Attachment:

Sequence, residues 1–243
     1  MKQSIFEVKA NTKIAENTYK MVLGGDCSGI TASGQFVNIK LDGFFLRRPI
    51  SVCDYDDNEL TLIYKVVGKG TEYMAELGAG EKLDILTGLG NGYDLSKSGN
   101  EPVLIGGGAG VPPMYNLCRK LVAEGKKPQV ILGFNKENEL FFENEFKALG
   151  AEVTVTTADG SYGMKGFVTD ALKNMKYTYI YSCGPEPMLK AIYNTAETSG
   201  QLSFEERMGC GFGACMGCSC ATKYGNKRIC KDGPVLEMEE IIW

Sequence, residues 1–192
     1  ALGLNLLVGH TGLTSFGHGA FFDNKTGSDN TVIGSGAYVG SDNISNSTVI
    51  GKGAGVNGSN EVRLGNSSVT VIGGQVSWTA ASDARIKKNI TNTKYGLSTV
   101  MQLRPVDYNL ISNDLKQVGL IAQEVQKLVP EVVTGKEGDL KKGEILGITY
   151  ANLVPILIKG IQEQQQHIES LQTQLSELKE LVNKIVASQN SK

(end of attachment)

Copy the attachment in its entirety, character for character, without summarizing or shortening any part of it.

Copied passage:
Sequence, residues 1–243
     1  MKQSIFEVKA NTKIAENTYK MVLGGDCSGI TASGQFVNIK LDGFFLRRPI
    51  SVCDYDDNEL TLIYKVVGKG TEYMAELGAG EKLDILTGLG NGYDLSKSGN
   101  EPVLIGGGAG VPPMYNLCRK LVAEGKKPQV ILGFNKENEL FFENEFKALG
   151  AEVTVTTADG SYGMKGFVTD ALKNMKYTYI YSCGPEPMLK AIYNTAETSG
   201  QLSFEERMGC GFGACMGCSC ATKYGNKRIC KDGPVLEMEE IIW

Sequence, residues 1–192
     1  ALGLNLLVGH TGLTSFGHGA FFDNKTGSDN TVIGSGAYVG SDNISNSTVI
    51  GKGAGVNGSN EVRLGNSSVT VIGGQVSWTA ASDARIKKNI TNTKYGLSTV
   101  MQLRPVDYNL ISNDLKQVGL IAQEVQKLVP EVVTGKEGDL KKGEILGITY
   151  ANLVPILIKG IQEQQQHIES LQTQLSELKE LVNKIVASQN SK